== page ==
Pete Jackson, a fur trader and one of the few whitemen to have crossed Valdez Glacier before 1898, capitalized on his wilderness skills by establishing a private mail route from Valdez to Copper Center.
In the spring, when the gold rushers were spread out along the Valdez Glacier and Klutina River, Jackson used the Valdez Glacier route. But as the prospectors moved down the Klutina to the Copper Center area, Jackson looked for a shorter, ice-free route between Valdez and Copper Center.
Unfortunately, Jackson was a man of the wilderness not of words. He left no written account of his adventures. However, Will Crary notes in his diary on June 28th, 1898 that Jackson arrived at Lake Klutina with the mail and two pack horses having come by the eastern trail, "about half way up the ridge, said to lead to Valdez."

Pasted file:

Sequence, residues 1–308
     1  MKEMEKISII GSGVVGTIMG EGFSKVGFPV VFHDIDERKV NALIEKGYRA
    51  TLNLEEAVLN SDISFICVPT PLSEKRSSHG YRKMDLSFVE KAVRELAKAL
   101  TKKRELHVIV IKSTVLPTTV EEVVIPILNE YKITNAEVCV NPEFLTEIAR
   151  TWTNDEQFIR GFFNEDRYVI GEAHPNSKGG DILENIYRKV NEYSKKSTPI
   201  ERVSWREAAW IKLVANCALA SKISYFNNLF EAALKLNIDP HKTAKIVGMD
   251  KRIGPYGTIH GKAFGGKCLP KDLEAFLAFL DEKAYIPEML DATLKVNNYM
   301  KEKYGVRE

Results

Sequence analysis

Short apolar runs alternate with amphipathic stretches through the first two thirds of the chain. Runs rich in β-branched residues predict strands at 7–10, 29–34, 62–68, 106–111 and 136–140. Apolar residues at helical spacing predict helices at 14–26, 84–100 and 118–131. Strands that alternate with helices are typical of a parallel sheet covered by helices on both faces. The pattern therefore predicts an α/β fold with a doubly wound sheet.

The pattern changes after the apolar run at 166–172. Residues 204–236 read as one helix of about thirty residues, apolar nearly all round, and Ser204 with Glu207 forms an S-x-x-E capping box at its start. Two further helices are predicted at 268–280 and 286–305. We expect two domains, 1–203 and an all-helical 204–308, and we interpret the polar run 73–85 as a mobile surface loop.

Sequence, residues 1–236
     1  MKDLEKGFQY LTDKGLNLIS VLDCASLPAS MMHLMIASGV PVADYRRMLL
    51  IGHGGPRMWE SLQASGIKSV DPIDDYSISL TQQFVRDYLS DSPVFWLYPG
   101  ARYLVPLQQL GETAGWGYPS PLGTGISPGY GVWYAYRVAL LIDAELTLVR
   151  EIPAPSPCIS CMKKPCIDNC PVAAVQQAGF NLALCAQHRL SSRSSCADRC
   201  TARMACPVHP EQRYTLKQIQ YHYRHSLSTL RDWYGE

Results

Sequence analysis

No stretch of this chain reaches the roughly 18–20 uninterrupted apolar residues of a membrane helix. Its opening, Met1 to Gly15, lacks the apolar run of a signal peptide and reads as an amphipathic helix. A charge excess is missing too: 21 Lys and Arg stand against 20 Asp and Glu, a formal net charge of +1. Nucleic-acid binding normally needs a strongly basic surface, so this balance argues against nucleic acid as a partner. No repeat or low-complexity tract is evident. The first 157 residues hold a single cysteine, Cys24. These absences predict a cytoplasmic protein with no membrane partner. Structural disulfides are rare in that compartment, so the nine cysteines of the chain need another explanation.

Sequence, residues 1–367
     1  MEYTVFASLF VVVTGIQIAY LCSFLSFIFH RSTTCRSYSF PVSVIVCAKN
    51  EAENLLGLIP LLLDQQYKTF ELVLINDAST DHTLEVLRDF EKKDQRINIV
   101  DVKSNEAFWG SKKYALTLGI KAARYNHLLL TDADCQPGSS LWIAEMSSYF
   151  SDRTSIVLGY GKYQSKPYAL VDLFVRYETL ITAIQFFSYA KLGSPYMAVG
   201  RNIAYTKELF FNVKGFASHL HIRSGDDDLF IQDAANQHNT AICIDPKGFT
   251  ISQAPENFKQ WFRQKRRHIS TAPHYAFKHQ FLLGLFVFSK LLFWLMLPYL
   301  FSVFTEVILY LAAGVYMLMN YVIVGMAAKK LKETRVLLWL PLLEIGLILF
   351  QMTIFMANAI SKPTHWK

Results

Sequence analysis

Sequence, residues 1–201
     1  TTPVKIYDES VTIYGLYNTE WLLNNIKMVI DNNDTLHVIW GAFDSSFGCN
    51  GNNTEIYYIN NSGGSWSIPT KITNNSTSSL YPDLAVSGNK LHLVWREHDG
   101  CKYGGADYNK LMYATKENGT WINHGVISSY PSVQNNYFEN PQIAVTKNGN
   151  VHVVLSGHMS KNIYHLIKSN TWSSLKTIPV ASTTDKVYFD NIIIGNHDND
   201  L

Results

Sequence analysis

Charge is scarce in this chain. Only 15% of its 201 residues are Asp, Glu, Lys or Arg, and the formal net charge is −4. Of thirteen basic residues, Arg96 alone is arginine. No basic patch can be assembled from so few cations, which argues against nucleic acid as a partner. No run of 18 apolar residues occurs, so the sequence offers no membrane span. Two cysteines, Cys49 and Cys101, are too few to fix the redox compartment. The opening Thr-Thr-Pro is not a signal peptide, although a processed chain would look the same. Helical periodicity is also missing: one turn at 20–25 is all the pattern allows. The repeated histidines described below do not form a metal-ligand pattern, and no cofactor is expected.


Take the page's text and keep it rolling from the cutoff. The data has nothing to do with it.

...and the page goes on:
Jackson probably followed the trail Cleave and his party had made on the ridge above Keystone Canyon a week or so earlier then headed north over Thompson Pass. We don't know the route he followed from there to Klutina Lake, but most importantly -- he established that it could be done.
In the end, it was an all-Alaskan man -- a fur trader, prospector, mail carrier, fox farmer, wilderness guide -- who pioneered the first route through the Chugach mountains to interior Alaska. Pete Jackson, a man whom history has forgotten.